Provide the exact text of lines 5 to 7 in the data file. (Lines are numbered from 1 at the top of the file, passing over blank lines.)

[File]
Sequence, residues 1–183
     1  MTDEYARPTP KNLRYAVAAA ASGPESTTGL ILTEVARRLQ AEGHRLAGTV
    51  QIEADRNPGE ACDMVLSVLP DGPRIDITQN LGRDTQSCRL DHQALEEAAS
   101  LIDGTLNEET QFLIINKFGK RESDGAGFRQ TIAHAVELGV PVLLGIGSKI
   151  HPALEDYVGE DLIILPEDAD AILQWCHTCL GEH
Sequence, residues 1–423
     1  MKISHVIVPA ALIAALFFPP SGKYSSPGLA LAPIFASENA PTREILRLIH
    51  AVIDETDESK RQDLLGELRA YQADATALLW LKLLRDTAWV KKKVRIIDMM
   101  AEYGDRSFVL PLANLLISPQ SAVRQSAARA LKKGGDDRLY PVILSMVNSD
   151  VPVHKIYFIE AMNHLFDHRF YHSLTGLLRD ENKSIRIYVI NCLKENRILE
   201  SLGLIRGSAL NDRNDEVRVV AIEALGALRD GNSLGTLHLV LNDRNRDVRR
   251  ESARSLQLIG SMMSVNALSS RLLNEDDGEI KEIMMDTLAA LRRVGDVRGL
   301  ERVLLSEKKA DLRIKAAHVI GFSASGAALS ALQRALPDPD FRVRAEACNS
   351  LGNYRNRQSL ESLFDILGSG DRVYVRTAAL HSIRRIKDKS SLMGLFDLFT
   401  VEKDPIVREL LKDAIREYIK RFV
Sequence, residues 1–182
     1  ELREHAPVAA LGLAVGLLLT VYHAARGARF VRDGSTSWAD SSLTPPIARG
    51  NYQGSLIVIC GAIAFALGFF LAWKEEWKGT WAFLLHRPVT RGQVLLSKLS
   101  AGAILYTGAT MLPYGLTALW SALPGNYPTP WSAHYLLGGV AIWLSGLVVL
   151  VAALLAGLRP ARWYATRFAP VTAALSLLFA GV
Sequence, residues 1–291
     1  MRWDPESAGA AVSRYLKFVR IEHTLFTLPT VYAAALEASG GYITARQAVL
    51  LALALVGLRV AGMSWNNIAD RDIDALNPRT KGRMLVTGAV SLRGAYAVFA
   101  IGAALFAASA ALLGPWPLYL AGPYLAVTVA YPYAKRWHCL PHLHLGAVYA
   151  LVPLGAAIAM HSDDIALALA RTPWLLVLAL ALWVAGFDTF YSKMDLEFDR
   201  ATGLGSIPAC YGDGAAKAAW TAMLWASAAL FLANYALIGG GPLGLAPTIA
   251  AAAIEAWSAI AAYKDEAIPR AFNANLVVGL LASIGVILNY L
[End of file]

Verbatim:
   151  HPALEDYVGE DLIILPEDAD AILQWCHTCL GEH
Sequence, residues 1–423
     1  MKISHVIVPA ALIAALFFPP SGKYSSPGLA LAPIFASENA PTREILRLIH